A few months ago, we were negotiating for a house to buy, renovate, and sell. It needed a ton of work and was in a borderline neighborhood. My team negotiated the deal to the point where it made sense for us to go and look ourselves.
It was a family house that became a rental without any rent coming in. Hence the tenants did not take good care of the property. Worse yet, the tenants thought they knew about construction. The man walking us around was so proud of the work he had done thus far, which included removing a load bearing wall without adding any supports! It was so bad it was scary! It would have been better if he just left it alone!
Worse than that, he (tenant & contractor extraordinaire) was so intoxicated that just being near him, smelling his breath, made me have a blood alcohol level well past the legal limit!! It was pretty bad! I was staring to understand why everything was so crooked in the house. I am pretty sure it looked level to him! I really wanted to give him a Tic-Tac! But I digress.
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Is The Money You Pocket Worth Your Reputation?
After many weeks of negotiating, things were not going well. The family selling to us was not very forthcoming. Why do people that have liens on their properties, think that if they don’t mention it, we will never find out? Amazing! More and more liens kept popping up. The sellers agreed to bring money to the table to sell the house to us, so we stayed in the game. At this point we decided to wholesale the house instead of rehab it. We found our buyer. At the end, days before closing, we found out that another lien was actually days away from foreclosing on the house.
The buyer we found for the wholesale was very clever. He and his attorney realized it was going to foreclosure so they dragged the closing out in order to cut us out of the deal, even after all of our time, lien clearing, negotiating, and energy. You know how we found out? We showed up at the foreclosure auction prepared to buy the home and then resell it to our buyer. Well guess who we met there? You guessed it, the buyers attorney! It took a lot of conversation to even discover who she was. When we figured it out, we knew they were there to cut us out of the deal and pocket a few thousand. If that was their intention they should have been up front and not just drag out the closing to cut us out. In my opinion, that’s a bad reputation to have in our industry.
People think they can save a few thousand, but do they? What they don’t realize is that that money is far more costly in the long run. People will get to know very quickly that you are not one to be trusted. We were very polite at the courthouse. The funny part is that the auctioneer never showed up so we had plenty of time to talk. I wished them well and much success on their property. After all, what was I going to do? Be nasty and let him know how slimy I think they were for doing this to us? That’s just not my style. I believe strongly that what goes around, comes around. I put it behind me and never thought about it again. I figured it was just not meant to be. I even sent the attorney a card and let her know it was nice to meet her and to let me know if any deals crossed her desk. When people operate in this manner, they are not thinking long term. They are usually one or two hit wonders in our world of investing. So I make all the friends I can along the way because I want people know that we are here for the long haul.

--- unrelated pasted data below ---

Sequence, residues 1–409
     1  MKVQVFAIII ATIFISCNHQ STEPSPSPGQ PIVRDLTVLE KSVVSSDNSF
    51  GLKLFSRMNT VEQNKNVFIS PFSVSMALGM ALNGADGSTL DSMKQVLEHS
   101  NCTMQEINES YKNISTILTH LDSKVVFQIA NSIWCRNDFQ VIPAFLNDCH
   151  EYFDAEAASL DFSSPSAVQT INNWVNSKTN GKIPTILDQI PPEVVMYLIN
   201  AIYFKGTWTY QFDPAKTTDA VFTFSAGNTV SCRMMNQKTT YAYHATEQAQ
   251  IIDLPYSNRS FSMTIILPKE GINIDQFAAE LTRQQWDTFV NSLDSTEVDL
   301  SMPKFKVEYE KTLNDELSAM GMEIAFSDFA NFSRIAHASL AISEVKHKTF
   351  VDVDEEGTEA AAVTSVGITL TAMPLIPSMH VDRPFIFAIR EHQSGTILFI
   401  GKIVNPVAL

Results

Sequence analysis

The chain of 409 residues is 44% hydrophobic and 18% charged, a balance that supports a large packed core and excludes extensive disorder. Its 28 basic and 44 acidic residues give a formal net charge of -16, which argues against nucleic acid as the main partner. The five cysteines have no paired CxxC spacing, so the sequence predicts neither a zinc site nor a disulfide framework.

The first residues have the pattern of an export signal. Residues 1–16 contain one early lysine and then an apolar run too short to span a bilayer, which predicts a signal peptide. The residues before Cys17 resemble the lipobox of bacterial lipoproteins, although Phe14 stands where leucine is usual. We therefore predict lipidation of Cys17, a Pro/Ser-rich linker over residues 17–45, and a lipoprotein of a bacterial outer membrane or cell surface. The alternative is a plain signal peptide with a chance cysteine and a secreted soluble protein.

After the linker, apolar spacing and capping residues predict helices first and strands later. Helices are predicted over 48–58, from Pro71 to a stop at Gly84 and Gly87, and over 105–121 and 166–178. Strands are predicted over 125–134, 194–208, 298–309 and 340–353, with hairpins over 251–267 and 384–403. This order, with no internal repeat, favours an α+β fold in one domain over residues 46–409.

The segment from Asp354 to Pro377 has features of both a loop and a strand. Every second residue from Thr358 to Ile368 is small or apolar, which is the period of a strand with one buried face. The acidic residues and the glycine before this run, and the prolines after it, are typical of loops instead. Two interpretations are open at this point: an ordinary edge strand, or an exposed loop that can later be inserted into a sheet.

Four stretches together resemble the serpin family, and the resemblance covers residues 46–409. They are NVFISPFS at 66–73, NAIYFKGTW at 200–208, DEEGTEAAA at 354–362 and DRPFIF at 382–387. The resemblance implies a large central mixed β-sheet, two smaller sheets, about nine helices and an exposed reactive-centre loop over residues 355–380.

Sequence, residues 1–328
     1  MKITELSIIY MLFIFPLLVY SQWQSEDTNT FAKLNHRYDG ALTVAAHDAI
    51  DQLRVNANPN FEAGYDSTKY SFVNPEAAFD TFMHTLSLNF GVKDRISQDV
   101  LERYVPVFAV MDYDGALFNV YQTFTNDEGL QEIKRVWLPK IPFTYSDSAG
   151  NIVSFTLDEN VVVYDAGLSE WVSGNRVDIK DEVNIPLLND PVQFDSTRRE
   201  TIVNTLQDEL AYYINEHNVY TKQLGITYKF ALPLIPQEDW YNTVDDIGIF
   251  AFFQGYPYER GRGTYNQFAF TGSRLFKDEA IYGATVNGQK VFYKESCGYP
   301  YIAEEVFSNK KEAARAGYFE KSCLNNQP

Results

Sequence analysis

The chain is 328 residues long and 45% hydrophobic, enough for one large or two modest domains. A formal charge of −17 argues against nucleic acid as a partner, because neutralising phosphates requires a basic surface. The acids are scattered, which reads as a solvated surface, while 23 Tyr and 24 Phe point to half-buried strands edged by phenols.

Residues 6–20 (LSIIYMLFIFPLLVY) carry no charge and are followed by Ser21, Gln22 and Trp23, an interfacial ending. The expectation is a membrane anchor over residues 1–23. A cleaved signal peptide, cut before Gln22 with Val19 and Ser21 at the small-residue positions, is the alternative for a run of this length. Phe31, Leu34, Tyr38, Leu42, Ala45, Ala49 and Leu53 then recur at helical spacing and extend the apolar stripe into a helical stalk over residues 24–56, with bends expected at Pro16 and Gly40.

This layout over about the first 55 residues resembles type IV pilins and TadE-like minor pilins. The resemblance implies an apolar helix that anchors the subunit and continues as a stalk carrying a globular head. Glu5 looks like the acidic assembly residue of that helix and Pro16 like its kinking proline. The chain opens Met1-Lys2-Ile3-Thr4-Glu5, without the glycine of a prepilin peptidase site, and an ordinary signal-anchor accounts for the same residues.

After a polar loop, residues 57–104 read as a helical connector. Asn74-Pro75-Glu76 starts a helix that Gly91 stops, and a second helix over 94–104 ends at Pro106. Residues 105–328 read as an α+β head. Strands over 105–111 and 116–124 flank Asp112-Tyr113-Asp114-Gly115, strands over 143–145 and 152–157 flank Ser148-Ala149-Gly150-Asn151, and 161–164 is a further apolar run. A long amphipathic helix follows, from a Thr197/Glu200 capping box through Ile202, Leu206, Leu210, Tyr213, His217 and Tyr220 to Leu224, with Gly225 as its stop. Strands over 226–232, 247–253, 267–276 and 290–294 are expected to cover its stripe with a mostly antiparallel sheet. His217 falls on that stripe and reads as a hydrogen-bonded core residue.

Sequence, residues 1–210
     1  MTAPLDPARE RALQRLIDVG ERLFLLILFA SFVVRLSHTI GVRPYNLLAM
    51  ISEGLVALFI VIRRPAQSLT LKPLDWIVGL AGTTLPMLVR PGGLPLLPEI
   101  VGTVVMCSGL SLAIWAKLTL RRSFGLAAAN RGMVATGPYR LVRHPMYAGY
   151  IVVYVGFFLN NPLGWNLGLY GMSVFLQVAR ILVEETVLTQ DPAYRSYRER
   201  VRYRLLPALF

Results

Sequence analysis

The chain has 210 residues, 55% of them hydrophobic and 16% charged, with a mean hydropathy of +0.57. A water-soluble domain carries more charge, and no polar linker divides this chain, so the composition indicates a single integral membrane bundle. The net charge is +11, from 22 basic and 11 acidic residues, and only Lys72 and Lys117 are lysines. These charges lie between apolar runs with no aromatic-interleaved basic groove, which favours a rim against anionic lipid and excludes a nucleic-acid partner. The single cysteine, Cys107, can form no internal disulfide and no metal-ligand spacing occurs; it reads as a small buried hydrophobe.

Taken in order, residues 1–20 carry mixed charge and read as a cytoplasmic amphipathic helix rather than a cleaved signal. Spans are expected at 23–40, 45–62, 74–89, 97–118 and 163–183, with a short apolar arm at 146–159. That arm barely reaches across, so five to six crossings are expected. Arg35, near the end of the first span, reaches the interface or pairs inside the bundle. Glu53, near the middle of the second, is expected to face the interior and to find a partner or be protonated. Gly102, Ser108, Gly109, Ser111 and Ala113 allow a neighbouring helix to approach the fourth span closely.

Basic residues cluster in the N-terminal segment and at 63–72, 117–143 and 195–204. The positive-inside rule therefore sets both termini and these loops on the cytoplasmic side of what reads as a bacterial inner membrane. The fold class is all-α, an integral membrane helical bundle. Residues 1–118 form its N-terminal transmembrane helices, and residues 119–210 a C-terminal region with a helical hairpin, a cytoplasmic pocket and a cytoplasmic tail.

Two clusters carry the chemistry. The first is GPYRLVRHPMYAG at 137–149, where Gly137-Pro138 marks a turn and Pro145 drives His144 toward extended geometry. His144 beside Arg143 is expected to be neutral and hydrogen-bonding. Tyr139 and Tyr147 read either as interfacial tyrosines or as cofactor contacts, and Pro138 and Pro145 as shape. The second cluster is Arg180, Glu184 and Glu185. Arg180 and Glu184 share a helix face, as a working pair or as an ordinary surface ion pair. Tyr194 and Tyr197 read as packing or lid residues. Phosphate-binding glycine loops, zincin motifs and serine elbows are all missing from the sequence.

Last week a tornado hit our town. We live in Upstate NY, where we have snowstorms, NOT tornados!! This was a shock to all of us. It was not as bad as the ones in Oklahoma, but for us it was pretty intense. It was a mile wide and traveled for 17 miles, leaving behind a lot of damage in it’s path. It was literally less than a quarter mile from our home. For the first time in my life I was in the basement with my family during a storm.
I was speaking to our roofer the next day. He said, “Glenn did you see the house that you had me look at a while back? It was hit by a tree and the roof was destroyed!” I said, “Really? I will do a drive by!” Here is what I found.
Sure enough, the tornado ripped out hundreds of trees and this was one of them. All I could think was, Thank God I did not purchase this house!! I have no idea if this investor had insurance or not, but I couldn’t help but think two words … Karma Baby! Please understand, I wish no one any ill will, nor was I happy a tree fell on the 100 year old slate roof. Again, it’s just a philosophy I live by … What Goes Around, Comes Around. I’m glad this is not my problem. We have 8 houses that were in the path of the tornado. The worst that happened to us was a tree fell down that destroyed an above ground pool on a renovation we are working on. Since pools are a pain anyways, it was a blessing! Good Karma coming back to us? I would like to think so.
Deep Thoughts by Jack Handy
(Am I dating myself with that reference?)
The next time you have a situation where you could save money but you know it is not right, ask yourself how much your reputation is worth. Last week in Sharon Vornholt’s post, a comment was made by Tom Phelan who said he paid over $45,000 to fix a sewer line AFTER the house was sold, even though it wasn’t his fault. I was very impressed (and a little stunned) and know that many good deals will come his way for that decision. In my opinion, no amount of money is worth your reputation. Do the right thing all the time, even when it hurts. Actually, ESPECIALLY when it hurts!
Tell me some of your war stories. Were you ever cut out of a deal? Lied to by another investor? How much money have you lost doing the right thing? More importantly, how much have you gained from doing the right thing? I would love to hear your comments.